Practice Doesn’t Make Perfect

Let’s rewind the clock about 20 years to when I was studying music in university. I would hide my vitamin D-deficient self in a practice room for hour after hour, angrily hacking away at scales, etudes, and recital rep with feverish intensity. I’d make the same mistakes in the same places, over and over again, and get frustrated when I didn’t see the progress I wanted to.

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I was young and stupid and had a lot to learn. At that point it wasn’t entirely my fault, because all my life people had been telling me that practice makes perfect – that all you have to do is put in the hours and you’ll get better.

Now I’m old(er). I still have a lot to learn, but if there is one thing I have figured out, it is that practice doesn’t make perfect. That’s an archaic bullshit idea. It’s actually counterproductive, and here’s why: if you practice making mistakes, guess what you get good at? You guessed it: making mistakes. And those mistakes, once they’re cemented into your muscle memory, are hard to undo…which is why it’s important to get it right the first time.  Or at least to catch your mistakes so that they don’t hold up your progress.

This is not easy to do, especially if you have impatient or overachieving tendencies. Trust me, I know – you want to make shit happen, like, yesterday, and it *should* be coming together! Right?

Nope. That’s your ego lying to you and blinding you to what truly needs to be done. It’ll make you think you can cut corners, that you’re smart/strong/capable enough to move past the basics before you’re ready. Or hey, maybe at one point you were ready but then you added a dimension to what you want to accomplish, and now you need to go back to those dratted basics to move forward. Stupid basics, your ego will say. Well, I have news for your ego: the basics are your friends. When you hit the wall with something, they are always there for you. And 99% of the time, returning to the basics will solve whatever problem you’re up against.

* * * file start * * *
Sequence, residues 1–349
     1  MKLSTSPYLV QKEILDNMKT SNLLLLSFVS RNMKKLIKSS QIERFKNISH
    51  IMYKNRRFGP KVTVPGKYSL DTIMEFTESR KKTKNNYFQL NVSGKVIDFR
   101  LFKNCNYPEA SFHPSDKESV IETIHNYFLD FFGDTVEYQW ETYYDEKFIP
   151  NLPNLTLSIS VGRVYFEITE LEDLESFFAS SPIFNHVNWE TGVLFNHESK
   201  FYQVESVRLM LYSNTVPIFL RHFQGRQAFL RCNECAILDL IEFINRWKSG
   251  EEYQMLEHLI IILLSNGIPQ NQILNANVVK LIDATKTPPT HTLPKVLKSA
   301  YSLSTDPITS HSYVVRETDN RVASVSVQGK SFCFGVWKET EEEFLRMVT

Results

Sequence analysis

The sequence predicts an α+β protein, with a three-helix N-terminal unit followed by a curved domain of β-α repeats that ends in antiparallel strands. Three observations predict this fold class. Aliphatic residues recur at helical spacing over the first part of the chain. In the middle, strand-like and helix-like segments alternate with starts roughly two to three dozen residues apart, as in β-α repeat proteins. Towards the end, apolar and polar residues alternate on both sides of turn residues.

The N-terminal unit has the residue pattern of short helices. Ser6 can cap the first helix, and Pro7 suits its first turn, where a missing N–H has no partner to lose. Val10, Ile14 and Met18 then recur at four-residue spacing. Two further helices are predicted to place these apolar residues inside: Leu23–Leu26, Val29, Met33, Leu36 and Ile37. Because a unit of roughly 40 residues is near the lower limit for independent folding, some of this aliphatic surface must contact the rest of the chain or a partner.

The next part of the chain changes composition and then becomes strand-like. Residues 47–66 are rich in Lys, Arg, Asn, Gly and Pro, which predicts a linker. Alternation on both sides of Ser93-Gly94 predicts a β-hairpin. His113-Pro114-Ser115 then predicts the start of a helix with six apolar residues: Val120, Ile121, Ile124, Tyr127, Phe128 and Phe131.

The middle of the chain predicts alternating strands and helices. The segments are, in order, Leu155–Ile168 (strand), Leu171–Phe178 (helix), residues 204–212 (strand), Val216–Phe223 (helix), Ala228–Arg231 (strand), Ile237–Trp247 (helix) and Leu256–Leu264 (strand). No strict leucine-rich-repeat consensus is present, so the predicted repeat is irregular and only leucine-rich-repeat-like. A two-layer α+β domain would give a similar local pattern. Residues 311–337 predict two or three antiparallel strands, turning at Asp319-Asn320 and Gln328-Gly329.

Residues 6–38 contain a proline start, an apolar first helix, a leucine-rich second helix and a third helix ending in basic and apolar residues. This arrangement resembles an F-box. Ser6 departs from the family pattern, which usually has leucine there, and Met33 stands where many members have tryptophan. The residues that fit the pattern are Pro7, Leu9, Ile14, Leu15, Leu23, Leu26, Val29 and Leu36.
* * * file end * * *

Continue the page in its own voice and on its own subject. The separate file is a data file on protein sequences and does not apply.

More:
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Case in point: I’ve been struggling through a plateau in the gym lately. See, a year or so ago I started dabbling in olympic weightlifting – I figured it would broaden my horizons, make me a better powerlifter…which was right. But olympic lifting also has the same addictive properties as OxyContin, so the dabbling didn’t last long. In September I decided that it was time to actually commit and get serious. My ego was right there for the ride, telling me that I am a reasonably strong individual, that I have some experience with strength sports, and that I should progress pretty easily. Never mind the fact that olympic weightlifting is unlike anything else I’ve ever done; it requires skill, finesse, and finely-honed technique as well as beastly strength. Or that it requires a highly developed energy system that I have never trained, ever in my life.

So off we went, my inflated ego and I…and here’s what happened. I did make relatively quick progress at first – my ego wasn’t entirely wrong in that it actually is good to start with some strength and some experience.  But I hit a wall in pretty short order; mostly due to the fact that I let misguided ideas about what I *should* be lifting blind me to what actually needed careful, attentive work. So I wrapped up my ego in duct tape, shoved her into a closet, and went back to the beginning.

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This time though, I have my cool cucumber-flavoured big-girl panties on. I’m practicing mindfully and attentively so that I don’t develop bad habits that will take for freaking ever to undo…because here’s the thing: when you’re learning new skills, mistakes happen. That’s inevitable, and you have to let yourself make them so that you know how to correct them on the fly. The important part is that you DO correct them in short order so that you can get on with the important business of fucking up in other ways.

The take-home message here is that ego is the enemy of awareness, and getting better at any new skill requires (you guessed it) awareness. If you approach a practice session with the mindset that you’re just going to put the hours in, you will not see the results you want. Know why? Because practice doesn’t make perfect – PERFECT practice makes perfect.

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